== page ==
In the wake of the terrorist attack on Mother Emanuel AME Church in Charleston, South Carolina, a social media campaign has emerged to #TakeItDown, urging South Carolina to remove the confederate flag from the South Carolina State Capitol building.
Dylann Storm Roof, the 21-year-old white supremacist responsible for the attack, holds deep hatred for Black people, proudly waved Confederate flags and reportedly claimed that he hoped by murdering African Americans he would spark the next Civil War.
In response, some protesters have started to burn confederate flags across the state, a revolutionary act that I fully support. There is nothing that can be done to that flag that is worse than what it represents, romanticizes, protects and endorses: state-sanctioned murder and domestic terrorism against African Americans.
When I interviewed Rep. Keith Ellison (D-MN) on reparations a few years ago, we spoke about the south and how terroristic acts are framed as southern legacy:
"You know, the neo-confederacy, where they want to remember the South in a fond way, flying the rebel flag everywhere; these people took up arms against the United States and that’s called being a traitor.
"Jefferson Davis [President of the Confederate States of America] was a traitor. These people were traitors against the United States and the fact that they could ever hold any honor, anywhere is an outrage. What did they fight for? Did they fight for a noble cause? No, they fought to keep other human beings in bondage. They are totally disreputable, contemptible, and hold no value in the United States of America."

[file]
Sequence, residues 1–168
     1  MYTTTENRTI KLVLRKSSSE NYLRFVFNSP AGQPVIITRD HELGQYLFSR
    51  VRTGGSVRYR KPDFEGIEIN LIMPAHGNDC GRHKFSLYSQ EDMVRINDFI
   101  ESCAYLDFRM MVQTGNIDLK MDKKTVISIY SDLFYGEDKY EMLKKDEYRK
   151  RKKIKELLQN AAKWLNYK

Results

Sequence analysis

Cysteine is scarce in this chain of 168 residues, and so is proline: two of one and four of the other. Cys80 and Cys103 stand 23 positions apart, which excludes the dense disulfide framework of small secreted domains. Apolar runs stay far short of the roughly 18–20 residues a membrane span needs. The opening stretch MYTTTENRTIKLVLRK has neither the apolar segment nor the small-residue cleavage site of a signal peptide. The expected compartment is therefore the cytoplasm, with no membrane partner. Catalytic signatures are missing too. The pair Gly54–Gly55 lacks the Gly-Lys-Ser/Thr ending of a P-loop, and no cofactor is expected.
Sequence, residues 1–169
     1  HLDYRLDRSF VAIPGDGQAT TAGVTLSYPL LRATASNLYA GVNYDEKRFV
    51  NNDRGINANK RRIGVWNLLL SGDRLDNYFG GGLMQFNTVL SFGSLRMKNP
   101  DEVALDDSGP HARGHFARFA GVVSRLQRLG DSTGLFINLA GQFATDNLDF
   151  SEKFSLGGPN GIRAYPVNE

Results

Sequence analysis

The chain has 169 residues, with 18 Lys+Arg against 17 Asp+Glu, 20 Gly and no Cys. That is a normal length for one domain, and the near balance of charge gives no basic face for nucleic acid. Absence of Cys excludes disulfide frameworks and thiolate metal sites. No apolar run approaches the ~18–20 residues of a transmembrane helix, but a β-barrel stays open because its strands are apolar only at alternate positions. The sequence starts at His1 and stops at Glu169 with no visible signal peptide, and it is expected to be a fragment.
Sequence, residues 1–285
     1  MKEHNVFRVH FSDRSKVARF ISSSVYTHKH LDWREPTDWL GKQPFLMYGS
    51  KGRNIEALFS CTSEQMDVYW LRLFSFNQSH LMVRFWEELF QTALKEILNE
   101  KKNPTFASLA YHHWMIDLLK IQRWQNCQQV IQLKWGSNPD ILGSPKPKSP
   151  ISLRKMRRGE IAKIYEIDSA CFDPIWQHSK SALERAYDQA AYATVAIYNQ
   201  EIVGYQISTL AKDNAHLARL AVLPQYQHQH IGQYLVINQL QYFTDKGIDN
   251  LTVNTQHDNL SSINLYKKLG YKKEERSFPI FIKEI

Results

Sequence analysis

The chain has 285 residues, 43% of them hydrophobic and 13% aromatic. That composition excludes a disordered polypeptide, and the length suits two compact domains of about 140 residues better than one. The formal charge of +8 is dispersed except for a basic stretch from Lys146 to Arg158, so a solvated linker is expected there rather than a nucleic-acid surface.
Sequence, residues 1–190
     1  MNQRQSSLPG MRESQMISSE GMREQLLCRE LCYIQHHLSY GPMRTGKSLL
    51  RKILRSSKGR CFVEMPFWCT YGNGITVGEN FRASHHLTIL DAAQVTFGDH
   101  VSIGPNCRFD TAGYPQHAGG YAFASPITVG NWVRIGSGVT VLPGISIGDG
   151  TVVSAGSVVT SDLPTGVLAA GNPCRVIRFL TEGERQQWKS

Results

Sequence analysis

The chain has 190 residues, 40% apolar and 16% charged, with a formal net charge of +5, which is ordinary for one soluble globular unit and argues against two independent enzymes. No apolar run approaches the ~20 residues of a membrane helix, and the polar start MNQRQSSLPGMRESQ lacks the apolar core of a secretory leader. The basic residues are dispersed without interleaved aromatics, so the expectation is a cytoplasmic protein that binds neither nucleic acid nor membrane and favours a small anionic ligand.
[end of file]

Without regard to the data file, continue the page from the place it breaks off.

While I support the #TakeItDown campaign, I also believe that shifting the conversation to the confederate flag can deflect from the structural racism that it symbolizes. More importantly, it allows the United States government to pretend that racism is quarantined in the Deep South.
That's a lie. We can't have a conversation about the Confederate flag without having one about the United States flag which continues to wave despite a legacy of violence against people of color, including Latinos, African Americans and Indigenous peoples.
The dehumanization and oppression of Black people is not only built into the Constitution, it's an American past-time that takes place under the Stars and Stripes. Violence against African Americans is frequently sanctioned by government and rarely penalized by law.
Eric Garner was killed on Staten Island. Oscar Grant was killed in Oakland. Ramarley Graham was killed in the Bronx. Renisha McBride was killed in Dearborn Heights, Michigan. Tamir Rice was killed in Cleveland. Mike Brown was killed in Ferguson. Natasha McKenna was killed in Fairfax, Virginia. Aiyana Stanley-Jones was killed in Detroit.
Unfortunately, the list goes on and on and on.
Conservative politicians hide behind "states rights" as a means of allowing a symbol of domestic terrorism to fly gently in the southern breeze, while hypocritically censuring it at the same time. Yes, the Confederate flag needs to come down; it should have come down a long time ago. In fact, they all should have been burned when the Confederates lost the Civil War. But what happened in Charleston is not a southern problem; it's an American problem.
In response to a Facebook comment I paraphrased Malcolm X, who said, "You don't stick a knife in a man's back nine inches and then pull it out six inches and say you're making progress."
And despite the lie this country likes to tell itself, we are not "indivisible" and "liberty and justice" certainly aren't for all.
See the Storified tweets of this discussion below.